Businesses generate incredible revenue thanks to the big game
By Greg Jubert
If you are reading this, there’s a good chance that you watched Super Bowl LI in some capacity on Feb. 7. Whether it was to see the New England Patriots comeback against the Atlanta Falcons, Lady Gaga’s halftime performance, or the new wave of commercials created for the event, chances are you were viewing it while it eating on what has become
According to a study from the US Department of Agriculture, Super Bowl Sunday has now evolved into the second-largest day for food consumption across America, trailing only Thanksgiving. For many companies, this day is one of the, if not the, most important days of the year when it comes to generating profits. Even the largest of companies are taking measures to making sure they flourish when the day comes around. While also in the midst of a major expansion, Pizza Hut announced back in mid-January that the company is hiring 11,000 new employees in time for the event to help meet the expected demand. According to coupon website RetailMeNot.com, Americans on this day alone purchased $12.5 million pizzas.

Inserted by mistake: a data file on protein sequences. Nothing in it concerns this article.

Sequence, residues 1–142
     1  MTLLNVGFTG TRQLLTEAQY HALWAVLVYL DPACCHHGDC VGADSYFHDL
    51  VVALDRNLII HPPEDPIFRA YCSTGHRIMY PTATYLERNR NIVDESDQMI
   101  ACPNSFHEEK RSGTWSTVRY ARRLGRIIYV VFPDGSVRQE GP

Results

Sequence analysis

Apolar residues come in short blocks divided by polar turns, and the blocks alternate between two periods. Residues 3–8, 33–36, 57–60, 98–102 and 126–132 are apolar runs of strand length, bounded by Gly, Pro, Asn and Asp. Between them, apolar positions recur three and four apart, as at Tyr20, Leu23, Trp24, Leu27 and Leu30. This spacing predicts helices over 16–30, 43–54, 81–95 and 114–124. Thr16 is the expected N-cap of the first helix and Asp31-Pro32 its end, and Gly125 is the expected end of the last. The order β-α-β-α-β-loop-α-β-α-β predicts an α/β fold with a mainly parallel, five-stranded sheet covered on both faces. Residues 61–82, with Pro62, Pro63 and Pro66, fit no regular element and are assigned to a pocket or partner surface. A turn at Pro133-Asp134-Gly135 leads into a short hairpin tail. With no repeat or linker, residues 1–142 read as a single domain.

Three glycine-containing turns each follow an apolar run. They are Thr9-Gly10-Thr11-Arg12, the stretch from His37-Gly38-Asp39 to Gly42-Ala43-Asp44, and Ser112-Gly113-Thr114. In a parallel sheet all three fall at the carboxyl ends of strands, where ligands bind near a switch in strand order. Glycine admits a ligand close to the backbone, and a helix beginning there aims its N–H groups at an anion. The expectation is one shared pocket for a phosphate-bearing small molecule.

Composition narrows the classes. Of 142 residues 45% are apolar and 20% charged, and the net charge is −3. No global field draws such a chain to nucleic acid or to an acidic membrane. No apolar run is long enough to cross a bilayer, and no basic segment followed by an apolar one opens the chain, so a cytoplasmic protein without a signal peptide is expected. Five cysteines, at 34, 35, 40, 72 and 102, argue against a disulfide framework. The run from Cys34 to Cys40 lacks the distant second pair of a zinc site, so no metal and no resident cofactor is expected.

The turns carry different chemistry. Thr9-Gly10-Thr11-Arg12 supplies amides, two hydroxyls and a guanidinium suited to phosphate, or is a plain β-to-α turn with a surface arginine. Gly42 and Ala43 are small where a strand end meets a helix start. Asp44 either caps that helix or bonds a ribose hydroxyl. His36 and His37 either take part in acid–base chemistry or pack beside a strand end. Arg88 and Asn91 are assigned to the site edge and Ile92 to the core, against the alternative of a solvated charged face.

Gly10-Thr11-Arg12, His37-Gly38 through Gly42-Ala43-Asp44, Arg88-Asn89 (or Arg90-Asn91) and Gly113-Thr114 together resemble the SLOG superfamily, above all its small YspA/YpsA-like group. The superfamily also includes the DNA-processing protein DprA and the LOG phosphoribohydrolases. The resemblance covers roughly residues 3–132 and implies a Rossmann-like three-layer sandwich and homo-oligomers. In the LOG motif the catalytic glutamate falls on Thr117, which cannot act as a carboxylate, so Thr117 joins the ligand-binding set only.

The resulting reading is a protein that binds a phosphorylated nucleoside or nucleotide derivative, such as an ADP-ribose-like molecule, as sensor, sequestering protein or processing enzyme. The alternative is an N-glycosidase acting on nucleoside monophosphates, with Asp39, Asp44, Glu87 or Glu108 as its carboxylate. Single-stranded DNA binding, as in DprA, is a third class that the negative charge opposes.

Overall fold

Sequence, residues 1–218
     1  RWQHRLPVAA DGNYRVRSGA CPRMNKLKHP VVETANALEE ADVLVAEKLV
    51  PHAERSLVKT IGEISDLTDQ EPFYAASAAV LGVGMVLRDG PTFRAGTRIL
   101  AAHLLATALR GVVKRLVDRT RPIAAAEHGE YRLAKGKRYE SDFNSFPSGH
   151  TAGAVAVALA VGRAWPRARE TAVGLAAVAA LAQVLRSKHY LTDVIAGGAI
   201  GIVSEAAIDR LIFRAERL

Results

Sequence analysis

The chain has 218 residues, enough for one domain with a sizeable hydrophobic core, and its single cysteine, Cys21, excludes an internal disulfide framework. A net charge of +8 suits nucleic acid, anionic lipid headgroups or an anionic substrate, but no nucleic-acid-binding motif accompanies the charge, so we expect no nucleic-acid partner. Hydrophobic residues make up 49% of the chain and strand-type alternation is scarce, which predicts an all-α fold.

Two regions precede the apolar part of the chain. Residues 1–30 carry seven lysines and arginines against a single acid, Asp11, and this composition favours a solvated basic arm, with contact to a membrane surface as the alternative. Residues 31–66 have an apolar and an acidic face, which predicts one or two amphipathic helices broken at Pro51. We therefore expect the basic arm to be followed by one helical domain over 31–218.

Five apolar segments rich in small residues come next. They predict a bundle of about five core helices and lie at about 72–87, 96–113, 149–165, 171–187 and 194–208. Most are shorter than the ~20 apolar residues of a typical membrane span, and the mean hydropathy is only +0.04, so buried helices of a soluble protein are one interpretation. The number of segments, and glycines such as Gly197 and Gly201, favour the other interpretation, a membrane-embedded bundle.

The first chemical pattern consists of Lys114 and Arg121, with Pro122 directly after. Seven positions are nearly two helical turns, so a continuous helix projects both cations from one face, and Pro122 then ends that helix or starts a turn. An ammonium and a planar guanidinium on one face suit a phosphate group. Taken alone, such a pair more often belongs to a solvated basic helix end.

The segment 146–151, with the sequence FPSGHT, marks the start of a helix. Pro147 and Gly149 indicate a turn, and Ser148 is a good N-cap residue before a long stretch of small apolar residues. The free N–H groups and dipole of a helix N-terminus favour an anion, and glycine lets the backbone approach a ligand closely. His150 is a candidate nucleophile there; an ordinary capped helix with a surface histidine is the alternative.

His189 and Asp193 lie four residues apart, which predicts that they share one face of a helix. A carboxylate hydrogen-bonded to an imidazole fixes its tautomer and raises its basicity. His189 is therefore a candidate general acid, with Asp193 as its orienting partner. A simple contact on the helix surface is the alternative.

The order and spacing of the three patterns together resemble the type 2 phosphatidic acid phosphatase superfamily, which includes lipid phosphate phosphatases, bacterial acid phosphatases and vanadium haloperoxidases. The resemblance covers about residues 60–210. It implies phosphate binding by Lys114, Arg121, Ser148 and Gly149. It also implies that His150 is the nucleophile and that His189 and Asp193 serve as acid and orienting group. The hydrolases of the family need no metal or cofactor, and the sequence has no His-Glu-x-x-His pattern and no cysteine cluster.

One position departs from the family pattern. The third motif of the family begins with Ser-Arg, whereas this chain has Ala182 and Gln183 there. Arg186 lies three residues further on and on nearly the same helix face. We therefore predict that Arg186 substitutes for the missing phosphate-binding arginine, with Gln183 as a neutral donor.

“We’re committed to improving the overall customer experience,” Kelly McCulloch, Pizza Hut’s senior director, human resources, told USA Today. “This starts with our restaurants recruiting top talent, and training team members to perform at their absolute best.”
Along with pizza, chicken wings have also been a popular choice as well. A report from national chain Buffalo Wild Wings states that on an average weekend, the company sells approximately 6,000 wings. That number skyrockets on the weekend of the Super Bowl to a staggering 13,500. Even more remarkable, that number is still only a small fraction of the projected 1.33 billion wings to be consumed over the weekend, courtesy of an annual report from the National Chicken Council.
We reached out to local companies such as Favorite’s Pizzeria, Duff’s and Anchor Bar to hear about how local establishments generated revenue for the big game, but all three were unable to comment.